Hyundai Veloster review
* New Hyundai coupe driven * Priced from 17,995 * On sale now...
On top of its unusual looks, the Veloster offers something none of its rivals do a single rear door on the passenger side. This adds a handy dose of practicality and ensures the Hyundai's 'best' side is facing the driver as he or she approaches.
The Veloster certainly has its merits, then, and a starting price of less than 18k means it's cheaper than most its rivals.
What's it like to drive? Only one engine is available so far: a 138bhp 1.6-litre petrol, which on paper looks gutsy enough to endow the Veloster with decent performance.
A quick prod of the throttle tells you otherwise. The Veloster isn't turbocharged, so there's little in the way of low-down shove. Thrashing the engine doesn't really help, either, because even then 0-62mph takes almost 10 seconds.
Its so-so performance wouldn't be such an issue if the Veloster was fun to drive, but there's bad news on that front, too. Although body roll is kept in check under hard cornering, the numb steering means you're never really sure what the front wheels are up to.
The notchy gearshift also disappoints, and refinement is poor. A significant amount of road noise finds its way into the cabin at speed, while the engine becomes boomy when you work it hard.
To make matters worse the ride is fidgety at low speeds even if you opt for the smallest (17-inch) alloys that were fitted to our test car.
What's it like inside? Anyone over about 5ft 10in will want to steer well clear of Sport trim, because this brings a standard panoramic glass roof that eats into front headroom. Things are so bad that several of our testers found their heads wedged against the ceiling, even with the seat in its lowest setting.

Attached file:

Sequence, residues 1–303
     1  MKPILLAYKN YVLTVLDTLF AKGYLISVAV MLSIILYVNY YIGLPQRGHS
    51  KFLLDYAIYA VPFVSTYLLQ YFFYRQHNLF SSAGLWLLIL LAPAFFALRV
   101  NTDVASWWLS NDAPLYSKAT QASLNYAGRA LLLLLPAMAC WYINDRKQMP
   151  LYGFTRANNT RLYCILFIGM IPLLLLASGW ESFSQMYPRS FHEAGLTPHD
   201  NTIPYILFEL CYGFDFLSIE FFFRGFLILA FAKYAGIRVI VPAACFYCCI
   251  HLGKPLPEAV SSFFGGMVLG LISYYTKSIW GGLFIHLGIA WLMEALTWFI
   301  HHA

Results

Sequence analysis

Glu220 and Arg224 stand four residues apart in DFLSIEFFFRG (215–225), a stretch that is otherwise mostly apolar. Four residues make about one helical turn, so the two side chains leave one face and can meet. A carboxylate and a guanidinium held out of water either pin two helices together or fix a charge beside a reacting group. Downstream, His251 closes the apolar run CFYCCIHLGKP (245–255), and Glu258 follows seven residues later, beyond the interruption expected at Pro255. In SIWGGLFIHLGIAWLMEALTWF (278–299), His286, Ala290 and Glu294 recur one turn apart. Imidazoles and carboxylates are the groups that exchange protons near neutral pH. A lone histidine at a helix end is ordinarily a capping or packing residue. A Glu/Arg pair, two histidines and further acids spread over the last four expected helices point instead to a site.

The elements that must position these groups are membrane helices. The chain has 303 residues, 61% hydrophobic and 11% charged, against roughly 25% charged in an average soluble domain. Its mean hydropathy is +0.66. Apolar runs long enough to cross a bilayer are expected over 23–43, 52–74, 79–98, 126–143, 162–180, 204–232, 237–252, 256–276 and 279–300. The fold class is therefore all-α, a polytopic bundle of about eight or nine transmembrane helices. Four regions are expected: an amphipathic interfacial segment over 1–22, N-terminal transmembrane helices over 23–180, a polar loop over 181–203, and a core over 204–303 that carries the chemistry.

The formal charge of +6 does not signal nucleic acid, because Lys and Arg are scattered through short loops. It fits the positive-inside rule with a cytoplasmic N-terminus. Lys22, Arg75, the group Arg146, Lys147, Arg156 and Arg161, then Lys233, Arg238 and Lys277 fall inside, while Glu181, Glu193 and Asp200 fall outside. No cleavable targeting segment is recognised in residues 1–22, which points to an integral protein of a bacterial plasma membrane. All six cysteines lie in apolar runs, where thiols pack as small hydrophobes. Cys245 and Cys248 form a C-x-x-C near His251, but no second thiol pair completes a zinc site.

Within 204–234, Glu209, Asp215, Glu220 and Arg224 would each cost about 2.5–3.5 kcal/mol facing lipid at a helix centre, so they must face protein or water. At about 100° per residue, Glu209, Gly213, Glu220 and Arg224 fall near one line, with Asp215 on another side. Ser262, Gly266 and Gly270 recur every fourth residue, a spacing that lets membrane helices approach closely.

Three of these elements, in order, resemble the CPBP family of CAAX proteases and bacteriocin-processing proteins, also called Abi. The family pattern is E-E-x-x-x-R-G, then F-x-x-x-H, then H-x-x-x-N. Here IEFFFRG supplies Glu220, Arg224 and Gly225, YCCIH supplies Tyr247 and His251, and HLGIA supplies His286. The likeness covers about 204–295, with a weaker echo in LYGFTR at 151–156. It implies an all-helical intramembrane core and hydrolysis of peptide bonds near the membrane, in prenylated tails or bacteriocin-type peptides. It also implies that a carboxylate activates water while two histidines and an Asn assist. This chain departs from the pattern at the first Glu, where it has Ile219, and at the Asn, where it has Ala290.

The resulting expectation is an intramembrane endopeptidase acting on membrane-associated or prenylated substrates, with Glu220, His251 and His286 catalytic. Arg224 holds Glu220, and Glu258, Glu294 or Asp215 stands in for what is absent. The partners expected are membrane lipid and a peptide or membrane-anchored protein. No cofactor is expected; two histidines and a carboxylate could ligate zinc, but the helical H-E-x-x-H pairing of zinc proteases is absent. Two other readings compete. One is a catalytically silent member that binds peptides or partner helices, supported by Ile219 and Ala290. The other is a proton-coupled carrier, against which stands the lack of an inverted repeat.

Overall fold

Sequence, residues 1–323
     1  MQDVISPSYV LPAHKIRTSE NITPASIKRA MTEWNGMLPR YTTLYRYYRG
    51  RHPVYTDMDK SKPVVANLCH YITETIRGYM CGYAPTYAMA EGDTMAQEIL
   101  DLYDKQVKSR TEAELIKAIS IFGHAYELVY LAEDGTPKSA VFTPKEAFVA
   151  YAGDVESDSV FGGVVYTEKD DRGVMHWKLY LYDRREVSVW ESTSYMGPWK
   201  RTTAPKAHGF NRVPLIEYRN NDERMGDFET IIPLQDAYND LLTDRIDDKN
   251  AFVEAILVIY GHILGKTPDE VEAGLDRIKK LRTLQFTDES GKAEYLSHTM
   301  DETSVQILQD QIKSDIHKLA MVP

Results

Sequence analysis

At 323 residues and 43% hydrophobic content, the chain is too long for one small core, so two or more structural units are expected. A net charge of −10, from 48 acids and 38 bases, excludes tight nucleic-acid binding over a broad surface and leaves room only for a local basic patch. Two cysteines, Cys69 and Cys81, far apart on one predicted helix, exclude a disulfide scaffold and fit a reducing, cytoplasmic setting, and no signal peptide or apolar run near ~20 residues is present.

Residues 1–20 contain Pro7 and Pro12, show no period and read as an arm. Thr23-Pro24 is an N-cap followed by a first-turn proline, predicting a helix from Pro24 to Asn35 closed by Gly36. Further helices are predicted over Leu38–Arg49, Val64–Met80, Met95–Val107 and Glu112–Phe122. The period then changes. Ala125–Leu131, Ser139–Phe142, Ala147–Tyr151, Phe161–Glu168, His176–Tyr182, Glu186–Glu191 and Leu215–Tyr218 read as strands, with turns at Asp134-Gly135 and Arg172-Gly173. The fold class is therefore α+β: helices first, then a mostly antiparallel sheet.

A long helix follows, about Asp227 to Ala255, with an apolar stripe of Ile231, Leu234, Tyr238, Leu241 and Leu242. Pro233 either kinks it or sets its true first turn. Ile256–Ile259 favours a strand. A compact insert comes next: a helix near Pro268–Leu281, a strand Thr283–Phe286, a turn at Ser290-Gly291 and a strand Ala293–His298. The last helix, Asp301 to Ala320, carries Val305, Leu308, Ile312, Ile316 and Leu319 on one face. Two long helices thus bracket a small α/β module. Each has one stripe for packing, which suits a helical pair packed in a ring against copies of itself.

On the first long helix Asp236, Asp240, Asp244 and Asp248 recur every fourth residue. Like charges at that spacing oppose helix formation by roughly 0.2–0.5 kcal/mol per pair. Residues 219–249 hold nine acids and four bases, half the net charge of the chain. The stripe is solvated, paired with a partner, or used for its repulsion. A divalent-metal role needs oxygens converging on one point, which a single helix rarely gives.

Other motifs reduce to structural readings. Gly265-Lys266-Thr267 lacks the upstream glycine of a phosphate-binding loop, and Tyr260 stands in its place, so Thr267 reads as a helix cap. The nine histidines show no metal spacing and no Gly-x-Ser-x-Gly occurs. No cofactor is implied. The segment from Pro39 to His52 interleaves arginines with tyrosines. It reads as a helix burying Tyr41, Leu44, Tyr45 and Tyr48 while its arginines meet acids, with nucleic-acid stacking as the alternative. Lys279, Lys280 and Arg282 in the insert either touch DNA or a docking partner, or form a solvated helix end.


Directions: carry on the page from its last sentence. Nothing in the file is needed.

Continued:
Thankfully, front space isn't an issue in the standard model, and by choosing this cheaper version you still get all the must-haves, including alloys, climate control, Bluetooth and reversing sensors.
The Veloster's dashboard looks smart and is easy to use, and a seven-inch touch-screen provides a central hub for controlling the audio and Bluetooth systems. The cabin materials are mostly hard to the touch, but they don't feel cheap and flimsy.
Unsurprisingly, the single rear door means getting into the back isn't as tricky as it is in rivals, even though the aperture is narrow. However, you won't be comfortable back there for long unless you're a child, because of the limited rear headroom.
Should I buy one? The Veloster is outgunned by its rivals in most areas, then, and it isnt that much cheaper to buy.
For us, that makes it hard to recommend. But if youre seduced by those oddball looks and the backup of Hyundais five-year warranty, by all means go for a test drive.
Just be aware that an Astra GTC or a VW Scirocco is objectively a much better buy.
What Car? says
What do potential Veloster customers think of the car?
We asked three What Car? readers to test drive the new Hyundai Veloster for us and now you can find out what they thought of the new coupe by watching their Reader Test Team video below.
What Car? readers deliver their verdict on the latest cars heading to the showroom.